China’s Zhurong Rover Uncovers Mars’ Multilayered History in The Latest Discovery

Significant information on the complex history of Mars’ surface has been discovered by China’s Zhurong rover. Data from Zhurong’s ground-penetrating radar instrument revealed the presence of buried craters and other sloping features just beneath the surface of Mars. This is according to research published in the journal Geology of the Geological Society of America.

Ground-penetrating radars used in the investigation also indicated that Mars’ underlying structure differs greatly from that of the Moon. The presence of numerous sand dunes on Mars may have contributed to the craters’ rapid burial. This has lessened space weathering and revealed the complete contour of their walls.

As portion of the Tianwen 1 mission, Zhurong was launched in July 2020. Its landing in May 2021 occurred on the expansive plain of Utopia Planitia. The location was supposed to include the shorelines of a potential ancient ocean; therefore, the landing site was selected based on engineering and scientific criteria. The detection of water or ice trapped beneath the surface was one of Zhurong’s ground-penetrating radar’s goals.

Scientists are optimistic that opening this window into Mars’s subsurface will reveal critical information about the planet. This includes its geological history, hints about earlier climate conditions, and perhaps even proof of the existence of water or ice. This is despite the fact that no water was discovered in the most recent study.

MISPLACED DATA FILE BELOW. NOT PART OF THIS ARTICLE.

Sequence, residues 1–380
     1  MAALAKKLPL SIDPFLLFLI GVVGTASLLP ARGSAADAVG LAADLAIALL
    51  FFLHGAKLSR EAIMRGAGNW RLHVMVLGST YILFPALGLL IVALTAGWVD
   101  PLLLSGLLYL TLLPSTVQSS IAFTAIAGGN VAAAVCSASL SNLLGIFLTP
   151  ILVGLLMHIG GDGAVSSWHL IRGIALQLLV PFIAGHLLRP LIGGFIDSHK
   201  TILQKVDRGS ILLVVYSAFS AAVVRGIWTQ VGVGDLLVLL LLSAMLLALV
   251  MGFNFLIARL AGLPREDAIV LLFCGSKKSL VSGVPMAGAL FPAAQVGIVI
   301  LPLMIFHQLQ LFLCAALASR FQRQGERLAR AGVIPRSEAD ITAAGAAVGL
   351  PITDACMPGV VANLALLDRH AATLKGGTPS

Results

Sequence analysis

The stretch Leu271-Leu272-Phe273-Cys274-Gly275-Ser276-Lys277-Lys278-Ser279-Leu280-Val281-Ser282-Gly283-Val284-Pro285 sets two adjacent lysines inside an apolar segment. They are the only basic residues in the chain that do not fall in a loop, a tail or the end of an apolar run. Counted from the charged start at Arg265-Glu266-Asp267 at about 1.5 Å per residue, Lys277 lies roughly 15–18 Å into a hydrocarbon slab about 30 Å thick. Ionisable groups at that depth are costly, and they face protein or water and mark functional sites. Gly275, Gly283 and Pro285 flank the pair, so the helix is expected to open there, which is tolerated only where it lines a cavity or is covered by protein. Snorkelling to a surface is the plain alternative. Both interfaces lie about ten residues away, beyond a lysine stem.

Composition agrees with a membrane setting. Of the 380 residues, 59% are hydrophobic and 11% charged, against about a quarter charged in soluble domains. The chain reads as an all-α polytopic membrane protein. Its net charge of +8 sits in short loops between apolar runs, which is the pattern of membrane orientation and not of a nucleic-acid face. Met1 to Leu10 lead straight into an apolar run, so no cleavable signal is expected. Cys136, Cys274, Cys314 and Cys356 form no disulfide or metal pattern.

The ground-penetrating radar employed by Zhurong has two frequency ranges. The frequency employed for this study is only able to penetrate to a depth of about 15 feet (4.5 m) while still delivering fine detail. A greater understanding of Mars’ subsurface is possible because of the other radar frequency. This radar frequency operates to a depth of about 260 feet (80 meters).

The Zhurong rover’s exact fate is not yet known. As winter on Mars’ northern hemisphere approached in May 2022, the solar-powered rover went into hibernation. The rover was supposed to continue its independent operations in December. However Chinese space authorities have not responded to the appearance of silence from the rover. Recent images of Zhurong taken by NASA’s Mars Reconnaissance Orbiter from orbit reveal that the rover has so far not moved since the start of its hibernation phase. As the temperature and lighting conditions on Utopia Planitia get better, the rover might awaken.

Zhurong’s most recent discovery offers crucial insights into Mars’s subsurface and geological development. The surface of Mars has undergone a complex history. This history can shed light on the planet’s evolution and possibly even hint at the existence of life there. The rover is expected to awaken soon. Researchers believe that it will carry on exploring the Martian surface. This is in an effort to make even more exciting discoveries.